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Remembering High Peak’s Second World War railway stories

This weekend marks a time of reflection and remembrance for many. Railways played a vital role in military and civic life in the Second World War; here we remember stories chosen by Station Friends groups which highlight the role of railways, from to transporting people to safety to the contribution of women to the war effort.

Remembering evacuees who found safety in Glossop
 
In 1940, around 600 children arrived in Glossop by train, evacuated from the Suffolk coastal town of Lowestoft due to the threat of bombing and invasion. For its population, Lowestoft is thought to be one of the most bombed towns in England, as its location on the south east coast made it a place where spare ammunition was offloaded as enemy planes returned to their base, as well as being targeted on the way to city bombing raids.
 
Over 3000 children were evacuated, and some of them found refuge in Glossop, a north-west Derbyshire town which must have seemed a world away from their low-lying home by the sea. The children arrived by train on 2 June 1940, and wouldn’t return home for another four or five years. Billeted with local families, the children became part of Glossop’s story which has never been forgotten.
 
In 2022, some of the Friends of Glossop Station travelled to Lowestoft Station for a reunion event with former evacuees and their families. You can read about it in the Lowestoft Journal. Alma, who arrived in Glossop aged six along with her siblings, recently returned for a visit with her son to mark her 90th birthday. Friends of Glossop Station were delighted to wish her a happy birthday; you can read more about Alma’s visit on the FoGS website.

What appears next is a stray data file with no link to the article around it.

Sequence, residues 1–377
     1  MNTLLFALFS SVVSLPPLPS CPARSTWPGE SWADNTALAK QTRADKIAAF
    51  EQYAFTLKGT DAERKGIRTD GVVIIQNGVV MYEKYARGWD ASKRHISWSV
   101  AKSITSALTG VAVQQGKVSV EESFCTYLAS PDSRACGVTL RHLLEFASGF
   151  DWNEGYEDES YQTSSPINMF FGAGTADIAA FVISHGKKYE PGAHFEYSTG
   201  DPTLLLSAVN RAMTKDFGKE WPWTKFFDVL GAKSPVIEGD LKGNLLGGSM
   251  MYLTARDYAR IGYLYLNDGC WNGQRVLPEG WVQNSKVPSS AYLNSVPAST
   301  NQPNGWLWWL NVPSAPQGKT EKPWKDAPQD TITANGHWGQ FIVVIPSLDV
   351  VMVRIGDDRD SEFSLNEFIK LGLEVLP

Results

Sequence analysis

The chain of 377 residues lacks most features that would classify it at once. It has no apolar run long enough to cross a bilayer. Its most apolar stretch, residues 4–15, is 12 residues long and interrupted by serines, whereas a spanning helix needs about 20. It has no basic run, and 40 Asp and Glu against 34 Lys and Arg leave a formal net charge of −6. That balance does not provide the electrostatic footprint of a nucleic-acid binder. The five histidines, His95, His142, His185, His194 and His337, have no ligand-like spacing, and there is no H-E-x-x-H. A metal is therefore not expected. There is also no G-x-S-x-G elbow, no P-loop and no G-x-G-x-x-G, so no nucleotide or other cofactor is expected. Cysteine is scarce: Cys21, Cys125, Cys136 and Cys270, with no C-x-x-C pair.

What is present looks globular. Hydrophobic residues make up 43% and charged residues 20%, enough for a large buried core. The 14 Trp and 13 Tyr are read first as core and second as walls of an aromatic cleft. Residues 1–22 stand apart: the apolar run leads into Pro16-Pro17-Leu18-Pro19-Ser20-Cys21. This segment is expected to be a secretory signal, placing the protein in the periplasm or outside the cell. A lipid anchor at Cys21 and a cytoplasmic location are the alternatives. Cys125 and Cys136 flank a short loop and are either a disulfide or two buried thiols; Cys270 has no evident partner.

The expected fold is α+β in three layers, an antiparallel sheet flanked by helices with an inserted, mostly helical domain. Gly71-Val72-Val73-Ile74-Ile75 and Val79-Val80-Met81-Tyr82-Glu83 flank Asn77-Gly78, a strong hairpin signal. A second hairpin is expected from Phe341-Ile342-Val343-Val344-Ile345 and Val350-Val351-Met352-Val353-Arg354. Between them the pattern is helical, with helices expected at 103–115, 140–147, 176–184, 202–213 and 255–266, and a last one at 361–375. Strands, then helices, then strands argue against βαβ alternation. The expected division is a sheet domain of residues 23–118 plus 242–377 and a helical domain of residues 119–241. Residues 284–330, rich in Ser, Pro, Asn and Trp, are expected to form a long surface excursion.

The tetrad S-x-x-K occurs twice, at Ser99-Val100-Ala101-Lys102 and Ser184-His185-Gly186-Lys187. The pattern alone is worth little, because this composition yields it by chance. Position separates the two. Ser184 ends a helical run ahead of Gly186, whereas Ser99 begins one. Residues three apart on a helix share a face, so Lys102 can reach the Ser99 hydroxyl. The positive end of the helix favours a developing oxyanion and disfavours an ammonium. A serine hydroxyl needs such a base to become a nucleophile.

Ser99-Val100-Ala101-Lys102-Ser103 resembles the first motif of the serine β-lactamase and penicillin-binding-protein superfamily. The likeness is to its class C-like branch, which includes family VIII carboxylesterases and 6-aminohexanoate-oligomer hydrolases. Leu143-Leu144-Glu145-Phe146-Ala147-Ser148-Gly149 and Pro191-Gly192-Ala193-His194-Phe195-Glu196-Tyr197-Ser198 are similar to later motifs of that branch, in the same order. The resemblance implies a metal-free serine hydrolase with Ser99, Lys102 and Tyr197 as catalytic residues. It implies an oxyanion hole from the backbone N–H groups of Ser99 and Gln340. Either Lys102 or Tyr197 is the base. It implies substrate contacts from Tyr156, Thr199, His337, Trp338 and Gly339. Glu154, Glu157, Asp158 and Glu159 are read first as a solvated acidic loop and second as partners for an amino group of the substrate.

Remembering “Mim” Jennings, New Mills signal woman
 
Local resident Bill Jennings spoke to Friends of New Mills Stations recently. He remembers his mother, Mildred “Mim” Jennings, nee Bowden, who was a signaller at New Mills Central during the war.
 
“We believe – though we have no evidence – she was the first signal woman in Britain. All the men were wanted for the war effort and Mum needed a job. She had previously been a “bookies runner”, collecting bets and cash from pubs, clubs and quarries from New Mills to Buxton and beyond. She had to learn to drive – no license needed in those days! – and collect cash from big burly men in pubs and quarries – she was amazed she wasn’t mugged! 
 
When her father (my grandad) retired, he said ‘you will have to get a new job’. She started working as a signal woman with Dirk, her poodle, at a signal box at New Mills Central Station. The signal box has long since gone but was a “bridge” over the railway for good views of the lines. One steam train driver had a trick of letting off steam under the box, filling her room full of steam. He thought it was hilarious, but she got her revenge – tipping an ice-cold bucket of water over him in the train next time he passed! He didn’t do it again. Dirk the poodle was named after her favourite actor, Dirk Bogarde.”
 
Many thanks to Bill for sharing his memories and photos of New Mills’ Second World War signal woman, Mim.

If you have railway-related stories of remembrance from High Peak and Hope Valley, you can get in touch with us on Facebook, Instagram and LinkedIn with your memories to add to this article.

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